A true testament to the strength of the human spirit, the miners sent videos to the surface via a mini-camera, and were said
Their eventual rescue, after two months, involved Nasa, and was watched by over a billion people worldwide, according to Chile’s state broadcaster – but it did take 23 hours.
Mexican film-maker Patricia Riggen directed the 2016 film, The 33, and tells The Independent why the story spoke to her.
“The idea of brotherhood was what drove me to tell this story. That is why I find these 33 men admirable.
“And the world united in that moment to make this true miracle of humanity and technology and chance happen. It was the fact that they kept it together under the worst circumstances ever imagined, and helped each other, that they were able to stay alive.
“And above ground people did the same, uniting forces, bringing everyone together: government, technology, resources, the love of the families, and the faith that they were still alive.
“I love telling stories about the human spirit. About the best we have in ourselves. About humanity, which for me is the ability to rise to the circumstances and reach beyond ourselves for a greater good— to help a loved one, or a complete stranger. This is what makes life truly worth living. It’s what makes us humans. The Chilean miner’s story is one that we can all be proud of as humans.”
Its modern image created largely in the shadow of the devastating twin atomic bombs dropped on Hiroshima and Nagasaki in 1945, Japan found itself victim to another nuclear crisis – this one triggered by the 9.0-magnitude Tohoku earthquake.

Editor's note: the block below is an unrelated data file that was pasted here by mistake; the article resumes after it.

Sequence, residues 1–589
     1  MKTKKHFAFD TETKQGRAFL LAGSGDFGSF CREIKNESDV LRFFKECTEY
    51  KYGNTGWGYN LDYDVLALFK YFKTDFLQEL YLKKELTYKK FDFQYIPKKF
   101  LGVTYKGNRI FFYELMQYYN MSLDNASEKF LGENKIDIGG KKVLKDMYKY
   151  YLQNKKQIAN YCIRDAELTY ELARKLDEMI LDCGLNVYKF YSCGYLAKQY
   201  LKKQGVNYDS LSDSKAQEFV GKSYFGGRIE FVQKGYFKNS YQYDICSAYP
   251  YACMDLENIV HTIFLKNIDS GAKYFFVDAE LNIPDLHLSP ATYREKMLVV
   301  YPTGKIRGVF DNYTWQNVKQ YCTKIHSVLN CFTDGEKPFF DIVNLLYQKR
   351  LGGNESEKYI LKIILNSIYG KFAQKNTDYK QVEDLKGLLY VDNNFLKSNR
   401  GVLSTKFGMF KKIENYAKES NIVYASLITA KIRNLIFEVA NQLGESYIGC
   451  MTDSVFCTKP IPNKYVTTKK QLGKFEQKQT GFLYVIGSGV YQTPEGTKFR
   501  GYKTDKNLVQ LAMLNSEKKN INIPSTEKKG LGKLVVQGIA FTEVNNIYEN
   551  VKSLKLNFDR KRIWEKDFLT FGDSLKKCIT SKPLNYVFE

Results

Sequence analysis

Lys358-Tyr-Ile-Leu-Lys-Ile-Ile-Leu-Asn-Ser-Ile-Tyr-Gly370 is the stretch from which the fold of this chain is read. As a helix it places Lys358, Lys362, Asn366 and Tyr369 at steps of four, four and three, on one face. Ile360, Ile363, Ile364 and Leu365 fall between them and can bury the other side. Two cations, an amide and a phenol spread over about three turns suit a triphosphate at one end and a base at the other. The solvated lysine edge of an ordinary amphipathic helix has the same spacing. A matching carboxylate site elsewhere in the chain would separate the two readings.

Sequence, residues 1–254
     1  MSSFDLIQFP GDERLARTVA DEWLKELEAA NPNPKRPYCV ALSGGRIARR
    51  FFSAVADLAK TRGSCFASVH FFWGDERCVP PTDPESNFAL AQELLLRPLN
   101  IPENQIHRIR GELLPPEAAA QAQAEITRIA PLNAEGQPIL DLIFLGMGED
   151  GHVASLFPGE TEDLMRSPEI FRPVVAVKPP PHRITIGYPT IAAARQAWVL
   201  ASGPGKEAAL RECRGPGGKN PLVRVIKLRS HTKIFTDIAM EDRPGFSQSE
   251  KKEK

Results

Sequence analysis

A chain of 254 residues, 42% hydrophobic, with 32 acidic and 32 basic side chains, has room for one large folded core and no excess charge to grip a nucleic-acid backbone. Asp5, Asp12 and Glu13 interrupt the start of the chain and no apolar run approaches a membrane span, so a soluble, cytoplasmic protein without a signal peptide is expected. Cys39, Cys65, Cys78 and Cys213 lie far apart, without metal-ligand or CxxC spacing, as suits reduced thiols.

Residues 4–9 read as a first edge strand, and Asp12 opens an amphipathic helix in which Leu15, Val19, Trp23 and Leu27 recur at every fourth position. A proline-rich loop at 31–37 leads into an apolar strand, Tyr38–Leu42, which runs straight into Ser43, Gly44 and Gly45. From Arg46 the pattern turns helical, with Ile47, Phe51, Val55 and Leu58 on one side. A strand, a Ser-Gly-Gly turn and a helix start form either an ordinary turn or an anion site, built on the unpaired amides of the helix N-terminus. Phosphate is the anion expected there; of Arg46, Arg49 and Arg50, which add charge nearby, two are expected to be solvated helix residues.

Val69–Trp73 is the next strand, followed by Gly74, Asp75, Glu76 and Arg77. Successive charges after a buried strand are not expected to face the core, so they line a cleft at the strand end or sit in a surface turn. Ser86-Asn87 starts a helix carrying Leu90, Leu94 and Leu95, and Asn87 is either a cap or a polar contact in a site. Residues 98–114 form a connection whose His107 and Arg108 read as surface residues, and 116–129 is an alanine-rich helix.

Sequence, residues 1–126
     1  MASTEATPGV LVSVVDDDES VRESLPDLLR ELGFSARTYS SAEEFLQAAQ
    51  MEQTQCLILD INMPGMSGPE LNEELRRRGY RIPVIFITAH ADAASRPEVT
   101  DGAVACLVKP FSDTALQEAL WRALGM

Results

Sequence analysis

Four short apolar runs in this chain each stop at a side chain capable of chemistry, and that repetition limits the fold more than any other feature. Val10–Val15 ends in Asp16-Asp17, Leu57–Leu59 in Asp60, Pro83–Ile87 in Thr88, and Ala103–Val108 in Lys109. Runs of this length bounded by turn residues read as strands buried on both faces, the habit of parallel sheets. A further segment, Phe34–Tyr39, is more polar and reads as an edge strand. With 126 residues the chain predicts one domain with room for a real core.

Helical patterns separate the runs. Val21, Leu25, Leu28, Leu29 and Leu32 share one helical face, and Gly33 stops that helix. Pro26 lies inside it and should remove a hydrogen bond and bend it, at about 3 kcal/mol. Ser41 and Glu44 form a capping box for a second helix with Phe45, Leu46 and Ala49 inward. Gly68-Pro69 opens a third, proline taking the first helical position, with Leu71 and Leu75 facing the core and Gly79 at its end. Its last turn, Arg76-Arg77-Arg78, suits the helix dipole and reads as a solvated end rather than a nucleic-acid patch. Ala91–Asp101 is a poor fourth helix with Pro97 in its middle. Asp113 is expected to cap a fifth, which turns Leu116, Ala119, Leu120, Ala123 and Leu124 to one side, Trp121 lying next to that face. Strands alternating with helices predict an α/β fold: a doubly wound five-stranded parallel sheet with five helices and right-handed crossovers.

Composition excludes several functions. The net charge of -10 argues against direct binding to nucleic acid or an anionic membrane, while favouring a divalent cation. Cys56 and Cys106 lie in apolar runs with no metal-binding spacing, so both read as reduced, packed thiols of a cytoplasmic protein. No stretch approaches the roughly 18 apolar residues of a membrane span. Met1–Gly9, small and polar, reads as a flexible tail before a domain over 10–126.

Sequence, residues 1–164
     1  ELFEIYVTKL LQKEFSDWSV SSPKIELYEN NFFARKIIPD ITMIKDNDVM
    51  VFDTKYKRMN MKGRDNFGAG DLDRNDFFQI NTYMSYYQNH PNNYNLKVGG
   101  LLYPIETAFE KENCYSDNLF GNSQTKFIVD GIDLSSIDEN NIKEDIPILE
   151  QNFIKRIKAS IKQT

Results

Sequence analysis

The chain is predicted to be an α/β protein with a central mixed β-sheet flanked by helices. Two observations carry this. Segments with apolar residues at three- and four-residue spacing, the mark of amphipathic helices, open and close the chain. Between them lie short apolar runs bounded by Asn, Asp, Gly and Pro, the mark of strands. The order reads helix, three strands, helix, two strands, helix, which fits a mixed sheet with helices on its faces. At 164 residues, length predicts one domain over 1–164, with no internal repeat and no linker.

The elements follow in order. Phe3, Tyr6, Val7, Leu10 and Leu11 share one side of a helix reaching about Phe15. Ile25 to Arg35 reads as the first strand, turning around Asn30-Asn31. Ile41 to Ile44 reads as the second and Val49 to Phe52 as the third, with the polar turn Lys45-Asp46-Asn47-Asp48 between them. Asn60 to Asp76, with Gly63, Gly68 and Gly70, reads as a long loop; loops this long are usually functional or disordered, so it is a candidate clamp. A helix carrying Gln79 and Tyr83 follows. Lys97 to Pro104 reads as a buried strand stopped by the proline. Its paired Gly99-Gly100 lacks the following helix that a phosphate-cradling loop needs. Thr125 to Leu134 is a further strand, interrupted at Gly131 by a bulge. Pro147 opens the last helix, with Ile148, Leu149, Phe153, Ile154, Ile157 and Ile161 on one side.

That tremor and subsequent tsunami killed over 15,000 people and triggered a meltdown at the Fukushima Daiichi nuclear power plant – displacing hundreds of thousands of people. This was a modern-day Chernobyl, in the internet era. The Tokyo Electric Power Company (Tepco) which operated the plant, spent months denying a meltdown had occurred, and public mistrust remains high. In September of this year, the Japanese government announced it might have to soon release one million tonnes of contaminated water into the sea.
In November 2011, eight months after the accident, journalists were, for the first time, allowed to visit the site.
Writing for The New York Times, Martin Fackler wrote that:
“About three dozen journalists sat on two buses. We wore protective suits, double gloves, double layers of clear plastic booties over shoes, hair covers, respirator masks, and carried radiation detectors. As we drove to the Fukushima plant, we passed through a police checkpoint, and saw three towns – Naraha, Tomioka, Okuma – empty of all inhabitants. Among the abandoned homes was a flower shop with plants, withered and dead, still on display.
At the base of the reactor buildings, there were crumpled trucks, contorted metal girders and frames of buildings, a huge storage tank dented and bent, and pipes twisted by the forces of nature. The damage reached up to the second storey, attesting to the tsunami’s 14-metre size. A four metre-high sea wall has been built with rocks in black nets. Tepco said it was a makeshift defence against another tsunami. The reading here was 300ms.